Women’s Health Week celebrates unique healthcare journeys and advocates for a care plan that’s tailored to meet each individual’s goals and comfort level. Family planning is highly personal, and contraceptive decisions should be customized to meet each woman’s needs.

“For many people with a uterus, a lot of time is spent avoiding pregnancy when it’s not the best time,” said Christy Boraas, MD, MPH, obstetrician/gynecologist at University of Minnesota Physicians (M Physicians). “Thankfully, there are a variety of contraceptive options and many more that are being developed every day.”

Just as the variety of contraceptives available is expanding, along with research and large-scale clinical trials, women’s bodies change as they age.

“While I might be the same person I was 20 years ago, my body isn’t,” Dr. Boraas said. “I counsel patients about new methods but also discuss potentially revisiting methods they’ve tried in the past, especially if their current method is no longer acceptable.”

One of the things to think about when choosing a birth control method is efficacy, or how effectively the contraceptive prevents pregnancy. One of the most common and readily available options is male condom use. While condoms don’t require a prescription, can be found at many drugstores and also help protect against sexually transmitted infections, they’re not the most effective method of preventing pregnancy. A study from Kaiser Permanente found that annually, condoms fail 18% of the time, meaning 18 out of 100 couples using only condoms would experience pregnancy after one year.

Primary Birth Control Options

Hormonal birth control pills are the most commonly used contraceptive in the U.S. – they’re effective, relatively inexpensive and have been around for a while. Most birth control pills have an estrogen and progestin component (both hormones that signal fluctuations in the menstrual cycle), which may cause side effects for some women.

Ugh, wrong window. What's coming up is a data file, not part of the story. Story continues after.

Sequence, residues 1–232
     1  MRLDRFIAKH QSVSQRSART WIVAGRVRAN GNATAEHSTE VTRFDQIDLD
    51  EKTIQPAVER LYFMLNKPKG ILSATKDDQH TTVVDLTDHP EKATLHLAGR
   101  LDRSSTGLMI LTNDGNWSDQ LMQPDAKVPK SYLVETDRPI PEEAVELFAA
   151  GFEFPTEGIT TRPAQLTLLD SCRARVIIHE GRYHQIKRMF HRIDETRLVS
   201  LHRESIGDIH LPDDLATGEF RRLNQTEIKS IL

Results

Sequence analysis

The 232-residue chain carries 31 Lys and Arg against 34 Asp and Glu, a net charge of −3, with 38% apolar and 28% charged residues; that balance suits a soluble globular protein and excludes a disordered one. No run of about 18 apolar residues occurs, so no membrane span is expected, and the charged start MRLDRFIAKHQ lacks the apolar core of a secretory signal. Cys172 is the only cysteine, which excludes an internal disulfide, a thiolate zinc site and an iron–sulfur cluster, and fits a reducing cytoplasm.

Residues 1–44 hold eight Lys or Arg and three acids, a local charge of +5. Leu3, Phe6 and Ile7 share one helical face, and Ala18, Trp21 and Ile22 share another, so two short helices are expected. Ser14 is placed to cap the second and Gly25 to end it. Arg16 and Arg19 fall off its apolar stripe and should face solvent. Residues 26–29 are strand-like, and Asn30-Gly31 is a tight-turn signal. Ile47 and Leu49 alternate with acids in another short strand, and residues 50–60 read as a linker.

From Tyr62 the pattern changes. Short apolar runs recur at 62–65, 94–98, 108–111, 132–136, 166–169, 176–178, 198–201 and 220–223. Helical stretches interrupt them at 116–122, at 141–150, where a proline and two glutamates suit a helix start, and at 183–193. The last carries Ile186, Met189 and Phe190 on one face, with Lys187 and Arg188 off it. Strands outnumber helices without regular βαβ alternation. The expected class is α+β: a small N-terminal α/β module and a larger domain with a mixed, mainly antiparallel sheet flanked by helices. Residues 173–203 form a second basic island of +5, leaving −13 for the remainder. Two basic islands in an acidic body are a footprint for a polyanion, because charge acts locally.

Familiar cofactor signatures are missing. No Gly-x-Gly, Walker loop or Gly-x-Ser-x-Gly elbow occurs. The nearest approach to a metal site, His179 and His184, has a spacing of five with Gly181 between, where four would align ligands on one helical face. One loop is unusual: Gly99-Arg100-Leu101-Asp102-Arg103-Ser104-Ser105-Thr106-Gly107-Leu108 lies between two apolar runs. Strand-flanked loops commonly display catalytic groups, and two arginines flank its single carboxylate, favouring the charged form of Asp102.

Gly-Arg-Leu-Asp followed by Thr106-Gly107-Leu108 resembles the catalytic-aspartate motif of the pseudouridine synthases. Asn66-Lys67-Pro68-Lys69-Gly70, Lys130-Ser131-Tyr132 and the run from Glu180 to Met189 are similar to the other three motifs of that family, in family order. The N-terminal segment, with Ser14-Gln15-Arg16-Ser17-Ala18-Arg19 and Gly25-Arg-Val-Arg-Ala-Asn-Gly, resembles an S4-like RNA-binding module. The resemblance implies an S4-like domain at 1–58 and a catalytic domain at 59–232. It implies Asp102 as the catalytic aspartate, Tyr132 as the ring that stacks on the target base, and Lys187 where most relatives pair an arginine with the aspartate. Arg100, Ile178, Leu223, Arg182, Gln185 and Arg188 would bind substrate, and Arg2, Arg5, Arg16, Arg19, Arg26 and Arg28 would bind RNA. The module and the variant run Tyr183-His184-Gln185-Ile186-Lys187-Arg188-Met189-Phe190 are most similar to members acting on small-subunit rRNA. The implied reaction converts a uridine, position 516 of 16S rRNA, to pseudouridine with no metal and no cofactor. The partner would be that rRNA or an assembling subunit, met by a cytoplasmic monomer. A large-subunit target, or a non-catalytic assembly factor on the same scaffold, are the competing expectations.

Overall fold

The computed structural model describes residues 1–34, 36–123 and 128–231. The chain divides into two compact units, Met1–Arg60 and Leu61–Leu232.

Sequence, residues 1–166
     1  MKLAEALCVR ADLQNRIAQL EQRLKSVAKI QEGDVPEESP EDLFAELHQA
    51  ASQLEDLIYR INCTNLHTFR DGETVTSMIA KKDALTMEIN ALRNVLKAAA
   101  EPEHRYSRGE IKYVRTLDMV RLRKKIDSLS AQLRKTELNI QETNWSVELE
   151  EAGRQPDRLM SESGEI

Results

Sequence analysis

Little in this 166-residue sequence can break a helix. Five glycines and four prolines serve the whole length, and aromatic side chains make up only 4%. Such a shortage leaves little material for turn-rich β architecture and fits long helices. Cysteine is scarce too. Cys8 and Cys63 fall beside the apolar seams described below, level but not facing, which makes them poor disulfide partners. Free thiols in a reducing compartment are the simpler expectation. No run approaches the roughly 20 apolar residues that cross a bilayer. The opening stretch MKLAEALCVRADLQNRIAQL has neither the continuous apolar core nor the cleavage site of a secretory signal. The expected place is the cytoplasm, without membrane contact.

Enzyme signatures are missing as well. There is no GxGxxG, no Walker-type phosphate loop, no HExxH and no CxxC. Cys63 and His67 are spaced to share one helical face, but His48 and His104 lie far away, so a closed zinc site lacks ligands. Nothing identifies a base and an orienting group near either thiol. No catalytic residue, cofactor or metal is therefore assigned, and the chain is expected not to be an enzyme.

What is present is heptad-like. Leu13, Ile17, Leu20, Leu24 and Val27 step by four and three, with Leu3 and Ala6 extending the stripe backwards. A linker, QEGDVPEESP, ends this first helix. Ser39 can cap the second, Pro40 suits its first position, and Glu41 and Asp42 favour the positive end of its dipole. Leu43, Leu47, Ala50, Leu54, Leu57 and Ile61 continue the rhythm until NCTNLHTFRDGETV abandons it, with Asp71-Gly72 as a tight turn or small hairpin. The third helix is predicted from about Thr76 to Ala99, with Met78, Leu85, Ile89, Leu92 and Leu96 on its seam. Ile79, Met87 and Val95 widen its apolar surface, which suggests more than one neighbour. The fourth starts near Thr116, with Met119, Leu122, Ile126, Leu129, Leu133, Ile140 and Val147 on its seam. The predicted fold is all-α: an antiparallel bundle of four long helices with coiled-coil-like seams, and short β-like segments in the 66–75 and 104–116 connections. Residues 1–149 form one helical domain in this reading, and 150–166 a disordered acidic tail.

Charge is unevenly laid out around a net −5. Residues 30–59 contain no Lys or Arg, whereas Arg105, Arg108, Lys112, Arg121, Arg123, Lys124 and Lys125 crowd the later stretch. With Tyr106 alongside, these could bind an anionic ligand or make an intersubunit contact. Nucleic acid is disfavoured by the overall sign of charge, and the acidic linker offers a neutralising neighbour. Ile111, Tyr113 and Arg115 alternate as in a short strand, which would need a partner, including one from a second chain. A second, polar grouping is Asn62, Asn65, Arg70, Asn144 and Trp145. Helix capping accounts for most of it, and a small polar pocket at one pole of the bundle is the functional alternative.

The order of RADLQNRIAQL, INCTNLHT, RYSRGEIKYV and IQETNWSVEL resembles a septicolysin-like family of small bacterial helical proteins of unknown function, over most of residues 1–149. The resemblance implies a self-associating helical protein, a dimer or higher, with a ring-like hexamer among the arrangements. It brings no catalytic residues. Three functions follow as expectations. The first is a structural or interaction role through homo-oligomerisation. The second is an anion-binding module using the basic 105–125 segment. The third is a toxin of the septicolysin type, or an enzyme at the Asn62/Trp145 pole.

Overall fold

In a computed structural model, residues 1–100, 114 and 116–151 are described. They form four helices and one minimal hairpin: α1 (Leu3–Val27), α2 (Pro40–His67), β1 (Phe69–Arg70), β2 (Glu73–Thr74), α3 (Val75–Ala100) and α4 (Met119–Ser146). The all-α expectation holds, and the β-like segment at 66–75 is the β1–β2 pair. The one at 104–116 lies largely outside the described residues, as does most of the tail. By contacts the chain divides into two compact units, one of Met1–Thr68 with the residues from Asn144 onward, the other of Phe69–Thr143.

“Estrogen might cause nausea, a sensation of bloating or breast tenderness,” Dr. Boraas said. “On the other hand, progestin might cause changes in mood, so patients should talk with their doctor about mental health concerns.”

When used correctly, birth control pills are 99% effective at preventing pregnancy, however, they have to be taken consistently at the same time daily. Skipping a dose can reduce efficacy, and remembering to take a pill can be a challenging new routine, which should be considered when deciding on a method. Similar options in terms of efficacy and mechanism of action include the birth control patch, which is replaced weekly and the birth control ring replaced every three weeks.

Another popular option is an intrauterine device (IUD), a small, T-shaped piece of plastic that fits inside the uterus and prevents pregnancy by using copper or releasing the hormone progestin. An IUD has to be inserted and removed by a healthcare provider, however once in place, it can stay in anywhere from three to twelve years depending on the brand. IUDs are very effective, and prevent pregnancy 99% of the time.  The copper IUD is the only long acting, non-hormonal birth control method available.